Nice rundown on News.com on YouTube (Google) and its efforts to smooth (or smoother) their somewhat fractious relations with content rightsholders.
In this case, the online video giant’s dualistic role as a music freak’s treasure chest and bane of segments of the music industry settled a suit which included the National Music Publishers Association (NMPA). Like a number of organziations representing stakeholders in the music industry, the NMPA had filed suit against YouTube, arguing that they had to be able to be compensated for the synchronization rights (rights music publishers control for how their content is used in videos, movies, broadcast TV shows etc.) when their music was used in content consumers uploaded to YouTube.
So now, when those slideshows w/ songs, or concert videos etc. , are uploaded, publishers can negotiate synch licenses with YouTube (Google). Terms of the license deals was not disclosed. These are most likely based on per-song rates common to streaming music agreements and calculated by the number of complete views of the video or slideshow.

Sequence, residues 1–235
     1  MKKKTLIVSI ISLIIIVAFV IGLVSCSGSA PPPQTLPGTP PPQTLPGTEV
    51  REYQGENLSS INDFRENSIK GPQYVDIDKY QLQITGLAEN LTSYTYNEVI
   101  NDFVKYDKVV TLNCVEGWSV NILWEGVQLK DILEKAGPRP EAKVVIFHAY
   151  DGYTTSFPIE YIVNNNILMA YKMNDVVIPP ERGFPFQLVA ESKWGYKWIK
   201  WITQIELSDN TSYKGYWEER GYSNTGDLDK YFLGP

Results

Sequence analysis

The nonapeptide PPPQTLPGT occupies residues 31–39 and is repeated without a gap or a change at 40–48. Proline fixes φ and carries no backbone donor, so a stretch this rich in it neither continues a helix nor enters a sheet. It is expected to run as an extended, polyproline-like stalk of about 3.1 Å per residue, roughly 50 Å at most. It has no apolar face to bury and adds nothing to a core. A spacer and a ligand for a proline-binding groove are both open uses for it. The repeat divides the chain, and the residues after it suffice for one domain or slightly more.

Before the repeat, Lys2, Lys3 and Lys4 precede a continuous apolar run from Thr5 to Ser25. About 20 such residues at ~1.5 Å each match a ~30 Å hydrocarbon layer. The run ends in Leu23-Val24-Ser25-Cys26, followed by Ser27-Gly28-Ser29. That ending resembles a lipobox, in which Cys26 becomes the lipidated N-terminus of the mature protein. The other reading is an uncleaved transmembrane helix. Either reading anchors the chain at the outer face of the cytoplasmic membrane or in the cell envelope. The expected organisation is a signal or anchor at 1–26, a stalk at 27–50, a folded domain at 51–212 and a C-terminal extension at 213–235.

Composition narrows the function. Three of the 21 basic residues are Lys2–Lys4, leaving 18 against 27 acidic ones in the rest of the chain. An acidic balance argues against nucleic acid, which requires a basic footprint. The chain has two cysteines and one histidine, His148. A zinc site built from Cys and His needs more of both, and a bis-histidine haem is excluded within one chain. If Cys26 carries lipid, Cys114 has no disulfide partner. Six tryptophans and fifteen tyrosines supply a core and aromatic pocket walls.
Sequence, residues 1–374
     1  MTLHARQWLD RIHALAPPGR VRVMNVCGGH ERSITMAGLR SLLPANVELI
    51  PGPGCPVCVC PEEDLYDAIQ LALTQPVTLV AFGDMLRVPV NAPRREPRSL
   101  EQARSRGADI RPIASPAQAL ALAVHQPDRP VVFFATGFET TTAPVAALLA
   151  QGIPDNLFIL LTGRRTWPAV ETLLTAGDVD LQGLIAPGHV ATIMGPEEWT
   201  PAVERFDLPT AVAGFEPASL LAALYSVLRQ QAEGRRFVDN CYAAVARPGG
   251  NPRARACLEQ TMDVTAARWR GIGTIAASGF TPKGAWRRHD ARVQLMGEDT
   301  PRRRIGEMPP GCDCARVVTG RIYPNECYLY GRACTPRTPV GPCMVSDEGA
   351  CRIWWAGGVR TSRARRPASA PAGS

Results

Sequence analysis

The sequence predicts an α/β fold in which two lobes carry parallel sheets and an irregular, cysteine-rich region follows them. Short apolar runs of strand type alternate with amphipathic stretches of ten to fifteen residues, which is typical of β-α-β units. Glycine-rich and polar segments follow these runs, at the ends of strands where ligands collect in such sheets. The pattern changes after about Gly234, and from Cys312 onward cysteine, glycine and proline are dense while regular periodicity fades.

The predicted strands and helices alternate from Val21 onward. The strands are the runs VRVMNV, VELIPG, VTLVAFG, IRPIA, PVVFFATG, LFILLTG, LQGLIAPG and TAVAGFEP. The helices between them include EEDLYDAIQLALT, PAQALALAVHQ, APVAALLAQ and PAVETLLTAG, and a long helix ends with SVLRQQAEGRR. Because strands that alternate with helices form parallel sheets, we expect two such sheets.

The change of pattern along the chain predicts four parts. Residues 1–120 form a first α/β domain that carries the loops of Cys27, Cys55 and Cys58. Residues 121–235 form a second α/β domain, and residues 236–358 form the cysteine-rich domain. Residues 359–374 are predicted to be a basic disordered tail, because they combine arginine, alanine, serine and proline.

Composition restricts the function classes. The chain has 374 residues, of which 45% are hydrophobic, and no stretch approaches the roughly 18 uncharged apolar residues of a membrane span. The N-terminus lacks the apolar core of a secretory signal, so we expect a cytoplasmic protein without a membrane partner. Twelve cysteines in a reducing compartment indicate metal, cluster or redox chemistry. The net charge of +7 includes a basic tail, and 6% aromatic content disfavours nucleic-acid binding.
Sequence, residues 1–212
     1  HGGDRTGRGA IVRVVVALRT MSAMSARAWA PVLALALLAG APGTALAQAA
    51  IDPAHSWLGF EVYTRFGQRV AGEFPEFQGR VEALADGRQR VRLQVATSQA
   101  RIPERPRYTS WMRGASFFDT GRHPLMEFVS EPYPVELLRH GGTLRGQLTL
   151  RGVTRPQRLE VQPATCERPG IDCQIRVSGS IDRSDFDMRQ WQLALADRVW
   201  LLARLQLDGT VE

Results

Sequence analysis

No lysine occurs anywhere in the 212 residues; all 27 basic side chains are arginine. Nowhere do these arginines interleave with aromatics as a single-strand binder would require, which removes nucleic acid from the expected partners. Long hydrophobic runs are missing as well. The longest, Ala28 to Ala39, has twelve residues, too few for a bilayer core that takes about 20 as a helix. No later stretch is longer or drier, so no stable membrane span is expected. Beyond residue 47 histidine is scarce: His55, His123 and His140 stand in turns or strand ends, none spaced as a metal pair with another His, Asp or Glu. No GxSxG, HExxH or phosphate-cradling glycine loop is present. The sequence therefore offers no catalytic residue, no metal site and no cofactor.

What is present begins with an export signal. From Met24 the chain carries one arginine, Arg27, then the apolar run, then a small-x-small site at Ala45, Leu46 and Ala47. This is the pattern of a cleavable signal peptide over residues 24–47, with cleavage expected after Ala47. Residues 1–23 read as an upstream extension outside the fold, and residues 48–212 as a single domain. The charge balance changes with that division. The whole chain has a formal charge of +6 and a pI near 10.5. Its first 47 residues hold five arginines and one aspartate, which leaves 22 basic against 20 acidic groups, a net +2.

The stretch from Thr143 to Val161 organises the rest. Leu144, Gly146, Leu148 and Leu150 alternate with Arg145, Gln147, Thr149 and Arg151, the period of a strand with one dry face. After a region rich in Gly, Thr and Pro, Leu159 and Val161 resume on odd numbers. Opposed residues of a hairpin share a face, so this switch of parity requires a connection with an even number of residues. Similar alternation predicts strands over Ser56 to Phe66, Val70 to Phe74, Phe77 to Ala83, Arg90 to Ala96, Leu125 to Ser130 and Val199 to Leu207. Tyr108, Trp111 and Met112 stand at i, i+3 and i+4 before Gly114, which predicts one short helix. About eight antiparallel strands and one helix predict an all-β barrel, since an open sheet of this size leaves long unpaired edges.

Since this was part of a series of lawsuits filed in 2007, it only took four years for this agreement. Only. Four. Years. Sigh.
Things to look out for: this is clearly a nice big loose end that was tied off by YouTube (Google). One has to wonder if it’s a precursor to the ultimate conclusion of the Viacom-YouTube(Google) copyright infringement suit (Google won in the lower courts; Viacom’s vowed to appeal)?